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Several pubs forced to close after customers test positive for coronavirus

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A number of pubs in England have had to close as customers have tested positive for coronavirus. 

The news comes just three days after the establishments could open their doors again this weekend. 

Hundreds of venues welcomed customers for the first time in three months this past weekend as the lockdown measures were eased.

As crowds descended across towns and cities fears of a second wave were sparked, as many people were worried that social distancing would be disregarded.

The pubs have announced their closure via their Facebook pages. At least three establishments have announced their closure. 

The Lighthouse Kitchen and Carvery in Burnham-on-Sea in Somerset said it was ‘slowly’ working through a list of customers who had left details at the weekend, and staff were awaiting their own test results.

The Fox and Hounds in Batley, West Yorkshire also said a customer had phoned to say they had tested positive for coronavirus.

The staff of the Fox and Hound have said the staff have taken tests and the venue will be deep-cleaned before reopening.

The Village Home pub in Alverstoke, Hampshire has also said some staff are self-isolating due to a case of coronavirus in the pub. 

An Indian takeaway in Burnham, Saagar, has said it will be closed until Friday to undergo a deep clean after one of its drivers had been to Lighthouse Kitchen at the weekend along with the bar Vape Escape – which has also closed for a full clean after the customer’s positive test. 

Vape Escape told burnham-on-sea.com that all staff had tested negative and all customers that visited the bar on Saturday have been contacted in accordance with government advice. 

Somerset County Council has said they are not treating these cases as an ‘outbreak’ and have continued to ask people to keep to social distancing guidelines and regularly wash their hands. 

Customers of the Village Home who had visited at the weekend were told there was ‘no need to isolate’ unless they showed symptoms or were contacted by tracers.

All three of these pubs had posted on social media prior to opening regarding their implementation of social distancing and safety guidelines from the government. 

The new measures state that pubs can offer table service only and all customers must give contact details upon entry so they can be contacted.

Across England, crowds were seen on what has now been Christened ‘Super Saturday’ as thousands flocked to restaurants, bars and pubs.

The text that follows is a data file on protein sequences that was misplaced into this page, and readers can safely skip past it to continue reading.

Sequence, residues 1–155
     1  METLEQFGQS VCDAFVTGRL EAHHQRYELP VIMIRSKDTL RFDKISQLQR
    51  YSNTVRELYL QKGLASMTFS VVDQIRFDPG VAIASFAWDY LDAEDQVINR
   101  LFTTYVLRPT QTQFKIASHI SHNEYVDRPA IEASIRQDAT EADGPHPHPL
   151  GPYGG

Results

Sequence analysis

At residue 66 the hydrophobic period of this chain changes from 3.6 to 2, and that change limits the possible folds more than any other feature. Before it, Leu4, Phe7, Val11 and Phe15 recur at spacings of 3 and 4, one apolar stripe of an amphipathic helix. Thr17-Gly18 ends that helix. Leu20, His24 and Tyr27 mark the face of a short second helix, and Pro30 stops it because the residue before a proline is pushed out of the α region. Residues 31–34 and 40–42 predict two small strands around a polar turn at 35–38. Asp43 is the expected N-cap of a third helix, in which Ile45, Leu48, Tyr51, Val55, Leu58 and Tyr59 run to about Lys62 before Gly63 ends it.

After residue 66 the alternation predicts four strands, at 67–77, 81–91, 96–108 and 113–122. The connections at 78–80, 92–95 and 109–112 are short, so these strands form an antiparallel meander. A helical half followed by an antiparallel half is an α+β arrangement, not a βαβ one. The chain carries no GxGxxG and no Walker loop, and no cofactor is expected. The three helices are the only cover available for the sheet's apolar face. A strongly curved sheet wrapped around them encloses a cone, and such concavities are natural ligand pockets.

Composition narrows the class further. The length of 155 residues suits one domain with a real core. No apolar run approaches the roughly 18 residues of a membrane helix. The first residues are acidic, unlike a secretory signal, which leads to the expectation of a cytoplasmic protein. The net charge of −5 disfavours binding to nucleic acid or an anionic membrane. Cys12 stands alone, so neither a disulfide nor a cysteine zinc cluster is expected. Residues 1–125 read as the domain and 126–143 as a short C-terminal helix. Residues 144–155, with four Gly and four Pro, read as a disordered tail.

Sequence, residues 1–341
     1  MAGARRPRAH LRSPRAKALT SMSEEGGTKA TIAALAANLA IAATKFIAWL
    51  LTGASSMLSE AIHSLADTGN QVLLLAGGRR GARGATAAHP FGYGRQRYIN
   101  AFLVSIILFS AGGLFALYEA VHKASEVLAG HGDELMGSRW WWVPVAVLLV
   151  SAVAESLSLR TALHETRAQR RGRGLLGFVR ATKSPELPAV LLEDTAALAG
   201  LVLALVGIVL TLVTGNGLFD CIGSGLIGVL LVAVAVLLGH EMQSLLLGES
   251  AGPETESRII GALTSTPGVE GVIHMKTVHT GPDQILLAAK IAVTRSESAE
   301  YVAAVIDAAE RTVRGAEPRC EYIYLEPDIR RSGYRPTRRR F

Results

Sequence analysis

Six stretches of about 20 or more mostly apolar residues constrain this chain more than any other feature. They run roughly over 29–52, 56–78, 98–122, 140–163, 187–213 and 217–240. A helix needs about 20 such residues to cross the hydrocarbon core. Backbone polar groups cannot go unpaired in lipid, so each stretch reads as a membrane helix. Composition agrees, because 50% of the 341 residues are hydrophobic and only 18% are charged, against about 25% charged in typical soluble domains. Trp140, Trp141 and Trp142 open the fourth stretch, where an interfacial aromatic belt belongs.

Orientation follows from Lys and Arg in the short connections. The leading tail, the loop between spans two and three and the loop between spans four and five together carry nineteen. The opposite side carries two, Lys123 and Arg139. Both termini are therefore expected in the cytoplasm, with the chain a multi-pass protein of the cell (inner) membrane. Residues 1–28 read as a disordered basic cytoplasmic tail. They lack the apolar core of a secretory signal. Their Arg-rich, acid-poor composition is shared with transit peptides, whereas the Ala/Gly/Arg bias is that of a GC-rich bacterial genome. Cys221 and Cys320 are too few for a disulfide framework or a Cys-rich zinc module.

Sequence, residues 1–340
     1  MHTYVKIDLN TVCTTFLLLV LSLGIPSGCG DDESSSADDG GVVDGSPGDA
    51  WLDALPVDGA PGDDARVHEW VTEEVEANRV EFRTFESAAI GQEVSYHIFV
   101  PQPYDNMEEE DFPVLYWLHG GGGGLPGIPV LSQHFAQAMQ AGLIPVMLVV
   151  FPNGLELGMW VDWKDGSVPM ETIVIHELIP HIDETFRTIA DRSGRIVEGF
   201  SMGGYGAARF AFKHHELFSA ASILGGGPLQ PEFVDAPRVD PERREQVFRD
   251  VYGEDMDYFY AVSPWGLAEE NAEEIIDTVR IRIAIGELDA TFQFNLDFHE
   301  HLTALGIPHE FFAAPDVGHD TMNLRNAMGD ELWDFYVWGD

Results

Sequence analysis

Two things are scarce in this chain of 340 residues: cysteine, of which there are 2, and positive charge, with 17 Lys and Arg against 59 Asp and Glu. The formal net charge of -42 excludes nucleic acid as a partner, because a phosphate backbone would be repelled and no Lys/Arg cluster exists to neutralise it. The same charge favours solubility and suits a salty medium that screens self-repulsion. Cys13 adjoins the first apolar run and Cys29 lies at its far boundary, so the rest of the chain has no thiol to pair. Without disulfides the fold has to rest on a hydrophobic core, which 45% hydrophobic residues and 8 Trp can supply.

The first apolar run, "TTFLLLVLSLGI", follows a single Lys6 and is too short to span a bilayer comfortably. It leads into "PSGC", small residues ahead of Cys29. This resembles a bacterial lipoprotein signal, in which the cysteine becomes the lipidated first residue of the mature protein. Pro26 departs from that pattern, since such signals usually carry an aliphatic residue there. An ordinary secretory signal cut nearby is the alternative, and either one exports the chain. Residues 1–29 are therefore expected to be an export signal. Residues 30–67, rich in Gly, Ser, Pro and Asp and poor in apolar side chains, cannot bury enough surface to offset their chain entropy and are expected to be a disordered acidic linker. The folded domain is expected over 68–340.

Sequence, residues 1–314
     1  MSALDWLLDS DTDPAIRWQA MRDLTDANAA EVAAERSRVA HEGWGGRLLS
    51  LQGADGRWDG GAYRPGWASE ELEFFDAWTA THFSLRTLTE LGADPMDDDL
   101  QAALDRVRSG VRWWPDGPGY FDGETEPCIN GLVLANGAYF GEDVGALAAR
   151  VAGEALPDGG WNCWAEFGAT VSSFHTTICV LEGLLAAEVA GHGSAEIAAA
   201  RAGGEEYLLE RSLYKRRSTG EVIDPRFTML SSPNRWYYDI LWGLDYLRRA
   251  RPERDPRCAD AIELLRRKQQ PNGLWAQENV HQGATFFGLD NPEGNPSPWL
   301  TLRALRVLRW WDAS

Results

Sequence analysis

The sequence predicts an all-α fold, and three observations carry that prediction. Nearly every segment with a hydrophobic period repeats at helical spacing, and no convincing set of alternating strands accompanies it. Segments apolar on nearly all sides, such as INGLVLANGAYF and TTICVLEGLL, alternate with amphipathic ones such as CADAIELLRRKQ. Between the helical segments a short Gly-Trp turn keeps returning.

There were some reports across the country of arrests and early venue closures but police have said that the majority of people acted responsibly. 

Customers can refuse to give their information, which will be kept for 21 days in case of a coronavirus case in that venue, but the owners can refuse to serve you. 

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Elf Bar vapes removed from supermarket shelves after illegal nicotine levels found

Experts described the findings as ‘deeply disturbing’ and warned of a risk to young people illegally using the vapes.

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Elf Bar vapes have been removed from major supermarket shelves after being found to be 50% over the legal nicotine limit.

The vapes have been taken off the shelves after the company admitted to ‘inadvertently’ selling products in the UK with legal levels of nicotine in them, a Daily Mail investigation has revealed. The disposable ELFBAR 600s were found to have at least 50% more than the legal limit for nicotine e-liquid.

Chinese vaping giant Elf Bar ‘wholeheartedly apologised’ after independent lab tests by the Daily Mail found its ‘600’ line of its disposable e-pens were at least 50% over the legal limit for nicotine. Experts described the findings as ‘deeply disturbing’ and warned of a risk to young people illegally using the vapes, which are sold by major supermarkets.

UK supermarkets including Tesco, Sainsbury’s, Asda and Morrisons stores, did stock the vapes but most have now confirmed that they have removed them. According to ITV, a Tesco spokesperson said: “We have temporarily removed one ELFBAR vape line from sale as a precautionary measure, whilst the manufacturer urgently investigates these claims.”

Elf Bar

Sainsbury’s followed suit with a spokesperson saying: “We are in close contact with our supplier and have temporarily removed the affected Elf Bar product whilst they investigate further.”

A Morrisons spokesperson said: “We are taking this very seriously and we can confirm that we’re working closely with ELFBAR and Trading Standards to investigate this further.” With Asda confirming that they were ‘working with the supplier to investigate the matter’.

It is illegal for under-18s to buy vapes but with the brightly coloured packaging, a variety of flavours and sweet smells, it is no surprise they have become popular amongst young people.

TBEC Review/Wikimedia

A survey carried out by Action on Smoking and Health (ASH) found that in 2022, 15.8% of 11-17 year olds had tried vaping, compared to 11.2% in 2021 and 13.9% in 2020. ASH also found that in 2022, 7.0% of 11-17 year olds were current users, compared to 3.3% in 2021 and 4.1% in 2020.

A Department for Social Care spokesperson stated that ‘local enforcement agencies’ are responsible for the regulation of such products.

They added that these agencies also have a duty of ‘taking action’ against non-compliant products including products that ‘do not comply’ with the 2ml nicotine limits.

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Lap dancing club has licence renewed after claims it makes Manchester look ‘seedy’

The strip club has had its licence renewed despite objections from a local resident.

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A lap dancing club in Manchester city centre has recently had its licence renewed despite claims from a local objector that it brings the area into ‘disrepute’ and makes it look ‘seedy’.

The ‘sexual entertainment’ venue based on Whitworth Street West, Deansgate, had its application for renewal granted by Manchester City Council despite objections from a local resident, as reported by the Manchester Evening News.